Coronavirus outbreaks in prisons put us all at risk
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Though our country’s struggles with reforming our criminal justice and prison systems are well known, the emergence of penitentiaries as coronavirus hotspots shines a new light on these issues while presenting an entirely new public health risk to communities surrounding prisons as well as those held within them.

When the disease began to spread in location after location, medical professionals warned us that it was the staff, who were interacting with the outside world, bringing COVID-19 into facilities. Keeping staff out of high-risk areas should have become a priority after learning that these individuals were the main contributors of spread, however, this has not been the case.

In early June, along with other leaders in Congress, I noticed an influx of unmarked officers at peaceful protests in Washington, D.C., following the killing of George Floyd. The Department of Justice stated that these officers were with the Bureau of Prisons, and instantly we made the connection that almost none of these officers were wearing masks. We realized that all these individuals would be going back to facilities with at risk populations. Facilities that were probably already experiencing community spread and rampant outbreaks.

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Over the past month alone, the number of positive cases has doubled for incarcerated individuals. The Bureau of Prisons released data showing that 70 percent of all those tested in their facilities for COVID-19 have come back positive. One prisoner with an existing respiratory illness described the coronavirus outbreak in prisons as a “sword” hanging over his head.

Some politicians have attributed this marked rise in cases among our prison population to “more testing” being done. Yes, we know there are more cases in prisons now because of testing. But the reason the disease spread among these populations is not because we diagnosed it, but rather a system wide failure that let the infection go unchecked.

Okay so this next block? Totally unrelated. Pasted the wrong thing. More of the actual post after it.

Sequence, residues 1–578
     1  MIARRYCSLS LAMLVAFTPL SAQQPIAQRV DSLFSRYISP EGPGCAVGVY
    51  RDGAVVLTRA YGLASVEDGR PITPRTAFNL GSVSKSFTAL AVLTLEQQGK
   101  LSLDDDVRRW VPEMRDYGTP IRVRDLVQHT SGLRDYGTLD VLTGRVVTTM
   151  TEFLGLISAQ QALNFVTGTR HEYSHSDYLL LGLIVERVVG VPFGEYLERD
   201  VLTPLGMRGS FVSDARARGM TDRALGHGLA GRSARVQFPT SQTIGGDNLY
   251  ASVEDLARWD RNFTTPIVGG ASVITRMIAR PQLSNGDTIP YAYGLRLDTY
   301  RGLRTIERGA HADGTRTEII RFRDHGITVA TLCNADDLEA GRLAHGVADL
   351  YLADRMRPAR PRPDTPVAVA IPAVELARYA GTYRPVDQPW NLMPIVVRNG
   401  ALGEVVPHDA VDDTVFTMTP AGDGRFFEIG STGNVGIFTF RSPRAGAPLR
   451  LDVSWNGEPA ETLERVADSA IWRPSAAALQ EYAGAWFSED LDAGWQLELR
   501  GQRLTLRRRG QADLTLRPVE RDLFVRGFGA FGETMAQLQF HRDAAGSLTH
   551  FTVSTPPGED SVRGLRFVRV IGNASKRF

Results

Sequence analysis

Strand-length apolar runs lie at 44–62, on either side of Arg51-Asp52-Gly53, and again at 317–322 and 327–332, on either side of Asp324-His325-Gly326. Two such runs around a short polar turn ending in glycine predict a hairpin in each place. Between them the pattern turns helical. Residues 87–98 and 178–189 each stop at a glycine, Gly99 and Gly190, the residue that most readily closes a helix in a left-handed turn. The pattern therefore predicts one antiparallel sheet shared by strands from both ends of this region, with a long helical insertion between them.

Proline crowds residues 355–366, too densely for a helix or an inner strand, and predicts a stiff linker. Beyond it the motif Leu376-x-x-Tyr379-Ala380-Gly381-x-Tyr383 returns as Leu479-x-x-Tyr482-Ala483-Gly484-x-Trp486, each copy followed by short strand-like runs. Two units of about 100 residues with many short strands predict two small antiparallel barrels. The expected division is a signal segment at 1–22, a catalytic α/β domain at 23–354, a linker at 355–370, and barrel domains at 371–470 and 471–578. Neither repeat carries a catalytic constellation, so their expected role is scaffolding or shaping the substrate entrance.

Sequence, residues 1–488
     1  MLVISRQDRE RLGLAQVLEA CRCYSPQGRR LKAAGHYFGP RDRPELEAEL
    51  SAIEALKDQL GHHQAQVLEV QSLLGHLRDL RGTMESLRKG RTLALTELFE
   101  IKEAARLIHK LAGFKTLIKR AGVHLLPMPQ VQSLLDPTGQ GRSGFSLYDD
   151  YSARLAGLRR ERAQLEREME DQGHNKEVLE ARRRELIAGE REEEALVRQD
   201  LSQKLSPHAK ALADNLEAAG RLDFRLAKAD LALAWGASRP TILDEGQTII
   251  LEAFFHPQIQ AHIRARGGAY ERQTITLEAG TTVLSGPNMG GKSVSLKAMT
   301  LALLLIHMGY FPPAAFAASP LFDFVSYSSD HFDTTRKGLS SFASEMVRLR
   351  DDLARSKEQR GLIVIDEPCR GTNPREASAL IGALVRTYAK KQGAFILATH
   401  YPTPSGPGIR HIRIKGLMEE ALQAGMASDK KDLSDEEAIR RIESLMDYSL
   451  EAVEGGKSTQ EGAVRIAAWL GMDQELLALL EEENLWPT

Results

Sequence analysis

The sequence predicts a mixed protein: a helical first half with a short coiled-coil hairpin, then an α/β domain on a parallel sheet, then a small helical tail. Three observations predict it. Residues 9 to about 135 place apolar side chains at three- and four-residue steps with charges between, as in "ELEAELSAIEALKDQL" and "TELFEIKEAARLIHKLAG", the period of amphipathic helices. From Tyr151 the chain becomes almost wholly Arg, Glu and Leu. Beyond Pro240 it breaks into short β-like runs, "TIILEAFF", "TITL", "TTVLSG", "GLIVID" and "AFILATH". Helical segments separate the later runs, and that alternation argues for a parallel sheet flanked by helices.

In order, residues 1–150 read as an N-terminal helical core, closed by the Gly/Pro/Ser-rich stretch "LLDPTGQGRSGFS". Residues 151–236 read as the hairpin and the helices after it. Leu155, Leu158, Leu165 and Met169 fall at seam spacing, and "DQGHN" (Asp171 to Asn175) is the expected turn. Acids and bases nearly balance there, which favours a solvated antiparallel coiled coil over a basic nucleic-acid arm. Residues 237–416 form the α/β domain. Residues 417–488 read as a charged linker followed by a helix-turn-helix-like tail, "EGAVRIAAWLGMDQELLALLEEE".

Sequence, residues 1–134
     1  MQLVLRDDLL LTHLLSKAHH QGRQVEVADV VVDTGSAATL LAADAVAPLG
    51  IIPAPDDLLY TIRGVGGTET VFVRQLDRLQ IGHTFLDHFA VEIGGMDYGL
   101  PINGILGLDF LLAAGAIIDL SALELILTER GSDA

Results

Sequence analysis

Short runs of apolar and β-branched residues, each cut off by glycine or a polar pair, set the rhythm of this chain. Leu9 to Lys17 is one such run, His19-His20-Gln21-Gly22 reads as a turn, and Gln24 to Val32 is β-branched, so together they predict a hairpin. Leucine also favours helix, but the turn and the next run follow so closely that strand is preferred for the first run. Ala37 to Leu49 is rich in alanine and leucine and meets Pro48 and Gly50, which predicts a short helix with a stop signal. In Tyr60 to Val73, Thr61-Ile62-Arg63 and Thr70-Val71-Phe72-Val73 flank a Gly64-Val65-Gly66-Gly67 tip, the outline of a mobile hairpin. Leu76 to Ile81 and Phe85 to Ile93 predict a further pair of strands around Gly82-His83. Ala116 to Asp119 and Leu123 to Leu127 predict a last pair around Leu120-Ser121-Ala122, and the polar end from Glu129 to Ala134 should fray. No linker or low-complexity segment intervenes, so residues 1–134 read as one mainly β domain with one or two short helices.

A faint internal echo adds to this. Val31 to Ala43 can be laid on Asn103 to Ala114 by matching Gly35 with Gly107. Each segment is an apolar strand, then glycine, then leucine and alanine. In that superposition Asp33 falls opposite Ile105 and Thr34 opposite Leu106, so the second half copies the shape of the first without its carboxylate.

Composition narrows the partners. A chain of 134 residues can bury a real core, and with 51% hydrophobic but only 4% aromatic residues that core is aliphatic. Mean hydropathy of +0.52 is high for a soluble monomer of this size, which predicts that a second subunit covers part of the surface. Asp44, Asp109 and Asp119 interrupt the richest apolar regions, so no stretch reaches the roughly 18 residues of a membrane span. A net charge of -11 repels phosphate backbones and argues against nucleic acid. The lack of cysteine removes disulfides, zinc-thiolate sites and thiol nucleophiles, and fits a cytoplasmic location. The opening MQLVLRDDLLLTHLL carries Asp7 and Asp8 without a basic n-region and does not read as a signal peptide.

From the start, prison staff around the country began to raise alarms about the lack of supplies such as personal protective equipment (PPE) available to stop them from spreading this disease among this vulnerable population. The overall state and national protocols for mitigating the spread among incarcerated populations have been few and far between. On top of all that, prison systems lack the necessary hygiene and social distancing capabilities to combat this disease.

The root cause of this epidemic among incarcerated individuals starts at the top. As nationwide cases of coronavirus have begun to plateau, COVID-19 infection rates at penitentiary facilities in almost every corner of the country have skyrocketed. Our leaders must act.

Even if we are successful in flattening the curve throughout the country, hotspots in prisons and jails will persist and always pose the threat of reinfecting the outside population. Just as meatpacking facilities, with their poor hygienic and social distancing measures, pose the same threats to the communities they reside in.

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The federal government needs to equip prison and jail staff in both federal and state facilities with the PPE and testing capacity they need to mitigate and isolate the spread of COVID-19. Federal and state authorities must also be banned from using prison staff to conduct crowd control at protests around the country.

No prisoner deserves a death sentence during this pandemic, and these hotspots start a vicious chain that puts prison staffs, their families, and the communities they go back to at risk. The Trump administration must not be allowed to sweep yet another ticking time bomb under the rug.

Krishnamoorthi represents the 8th District of Illinois and is a member of the Oversight and Reform Committee.